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The nineteenth century reminiscences of an exponent of the fine art of poaching

By Edward Allhusen
ISBN 9781873590287
Old House Books*
Line drawings throughout
176 Pages
6 X 7.75


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Price $ 24.75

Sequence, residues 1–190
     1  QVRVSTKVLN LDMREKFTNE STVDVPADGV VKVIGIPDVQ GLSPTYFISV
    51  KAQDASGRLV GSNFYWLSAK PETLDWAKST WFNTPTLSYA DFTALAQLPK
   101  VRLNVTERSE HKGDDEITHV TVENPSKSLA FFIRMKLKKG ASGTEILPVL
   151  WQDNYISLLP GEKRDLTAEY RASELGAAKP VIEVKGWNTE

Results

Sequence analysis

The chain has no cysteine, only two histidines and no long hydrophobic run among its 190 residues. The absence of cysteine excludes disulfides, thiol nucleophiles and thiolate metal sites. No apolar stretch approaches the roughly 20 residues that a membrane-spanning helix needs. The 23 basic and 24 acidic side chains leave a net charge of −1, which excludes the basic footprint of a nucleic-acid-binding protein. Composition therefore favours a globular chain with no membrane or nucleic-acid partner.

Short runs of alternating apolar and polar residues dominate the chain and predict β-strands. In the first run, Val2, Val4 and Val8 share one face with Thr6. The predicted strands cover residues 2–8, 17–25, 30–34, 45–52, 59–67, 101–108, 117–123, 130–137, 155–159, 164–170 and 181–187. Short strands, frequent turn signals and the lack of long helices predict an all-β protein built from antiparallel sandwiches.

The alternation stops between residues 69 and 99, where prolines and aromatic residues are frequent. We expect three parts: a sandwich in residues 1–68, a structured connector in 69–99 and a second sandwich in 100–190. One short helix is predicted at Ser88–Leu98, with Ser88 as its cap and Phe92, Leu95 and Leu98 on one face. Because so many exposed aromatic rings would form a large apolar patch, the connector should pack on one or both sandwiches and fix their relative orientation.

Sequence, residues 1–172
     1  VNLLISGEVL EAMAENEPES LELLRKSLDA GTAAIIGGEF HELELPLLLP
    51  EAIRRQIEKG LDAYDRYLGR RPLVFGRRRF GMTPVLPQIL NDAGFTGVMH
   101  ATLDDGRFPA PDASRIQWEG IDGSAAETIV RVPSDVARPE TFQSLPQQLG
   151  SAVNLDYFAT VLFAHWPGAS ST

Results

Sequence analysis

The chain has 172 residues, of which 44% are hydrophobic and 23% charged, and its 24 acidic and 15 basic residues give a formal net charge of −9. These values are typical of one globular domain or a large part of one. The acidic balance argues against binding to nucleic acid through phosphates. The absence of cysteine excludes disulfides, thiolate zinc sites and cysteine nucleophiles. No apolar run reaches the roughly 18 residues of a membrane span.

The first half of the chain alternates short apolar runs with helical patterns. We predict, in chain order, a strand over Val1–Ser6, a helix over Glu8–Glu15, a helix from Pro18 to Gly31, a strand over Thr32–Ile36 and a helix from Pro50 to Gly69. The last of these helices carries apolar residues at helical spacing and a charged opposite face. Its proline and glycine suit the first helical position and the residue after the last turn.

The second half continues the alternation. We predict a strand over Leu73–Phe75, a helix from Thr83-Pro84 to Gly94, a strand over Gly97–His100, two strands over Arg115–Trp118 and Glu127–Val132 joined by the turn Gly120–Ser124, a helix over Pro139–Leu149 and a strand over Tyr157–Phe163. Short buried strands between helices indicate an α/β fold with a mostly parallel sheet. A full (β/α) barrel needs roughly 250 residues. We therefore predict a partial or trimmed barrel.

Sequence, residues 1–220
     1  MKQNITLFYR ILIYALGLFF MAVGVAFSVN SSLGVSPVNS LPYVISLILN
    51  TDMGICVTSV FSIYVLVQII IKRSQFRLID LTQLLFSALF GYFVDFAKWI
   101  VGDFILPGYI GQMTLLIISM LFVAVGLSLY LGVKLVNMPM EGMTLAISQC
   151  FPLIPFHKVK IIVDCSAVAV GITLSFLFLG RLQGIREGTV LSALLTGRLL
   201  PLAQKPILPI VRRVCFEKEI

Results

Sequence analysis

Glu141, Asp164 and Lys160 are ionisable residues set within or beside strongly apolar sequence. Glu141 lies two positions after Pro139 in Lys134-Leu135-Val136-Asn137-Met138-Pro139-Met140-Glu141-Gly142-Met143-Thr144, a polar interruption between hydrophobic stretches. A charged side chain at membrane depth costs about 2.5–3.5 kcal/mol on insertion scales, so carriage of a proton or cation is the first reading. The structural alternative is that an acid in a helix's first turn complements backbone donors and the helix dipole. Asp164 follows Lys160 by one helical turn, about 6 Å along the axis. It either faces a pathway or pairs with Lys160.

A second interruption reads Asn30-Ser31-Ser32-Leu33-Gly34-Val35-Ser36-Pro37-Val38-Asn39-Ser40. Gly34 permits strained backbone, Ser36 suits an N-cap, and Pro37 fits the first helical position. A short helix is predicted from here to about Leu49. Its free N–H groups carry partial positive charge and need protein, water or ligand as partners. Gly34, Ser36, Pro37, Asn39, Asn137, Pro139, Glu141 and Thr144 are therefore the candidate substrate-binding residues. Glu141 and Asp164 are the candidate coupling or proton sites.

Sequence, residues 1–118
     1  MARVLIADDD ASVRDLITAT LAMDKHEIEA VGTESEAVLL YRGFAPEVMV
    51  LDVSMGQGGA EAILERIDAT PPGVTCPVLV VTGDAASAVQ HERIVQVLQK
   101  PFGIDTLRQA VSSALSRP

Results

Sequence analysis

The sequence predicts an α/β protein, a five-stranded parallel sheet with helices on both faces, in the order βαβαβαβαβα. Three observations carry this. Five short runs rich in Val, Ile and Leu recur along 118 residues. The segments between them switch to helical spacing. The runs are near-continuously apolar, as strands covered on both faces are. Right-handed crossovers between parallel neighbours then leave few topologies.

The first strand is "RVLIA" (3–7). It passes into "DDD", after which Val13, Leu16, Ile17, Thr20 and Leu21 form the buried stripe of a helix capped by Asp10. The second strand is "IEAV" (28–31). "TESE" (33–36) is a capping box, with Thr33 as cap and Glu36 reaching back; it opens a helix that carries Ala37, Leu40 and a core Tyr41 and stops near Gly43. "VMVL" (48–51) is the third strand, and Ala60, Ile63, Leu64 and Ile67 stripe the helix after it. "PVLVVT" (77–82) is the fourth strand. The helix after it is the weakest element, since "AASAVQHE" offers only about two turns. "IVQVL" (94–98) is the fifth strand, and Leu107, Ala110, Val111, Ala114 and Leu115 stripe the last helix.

The tips and tricks of a true countryman who started dabbling in the fine art of poaching as soon as he was old enough to slip unseen through a copse at dusk or slither along the river bank to a trout filled pool. Seen through the eyes of the trainee poacher, we feel the lure of the night as the young rustic watches his father's eventide preparations. He assembles his wires, nets and snares; his dogs and the trusty old flintlock and then he is away into the night. Our young man progresses to legitimate occupations such as coppicing and charcoal burning which enable him to keep watch on his patch and plan his nocturnal excursions. We learn of the age old methods of inveigling the spoils of a night time's work from its roost to the security of the poacher's pocket without troubling the keeper with a loud report of a gun. There are chapters on poaching Partridges, Hares, Pheasants, Salmon and Trout, Grouse and Rabbits. We learn how to intoxicate partridges by feeding grain steeped in spirits; how to entice pheasants away from the safety of the keeper's cottage by the surreptitious dropping of grain on a daily basis. The night time use of nets to take salmon from pools and sleeping grouse from the heather are described as are ferrets working the hedgerows in search of the humble rabbit. But of all the wildlife to which we are so comprehensively introduced there is just one trouble making species that appears page after page - the squire's keeper. As much native cunning is employed to avoid him as is used to encounter the game. Not always with success however and confrontations with the local Justices or maybe a crack on the head from an unseen keeper are carefully described. Even if you are not contemplating a life of rural crime there is still much you could learn from this delightful book, so also could the local squire, his keeper and the constabulary but let us hope that they do not pick up too many tips about the fine art of poaching.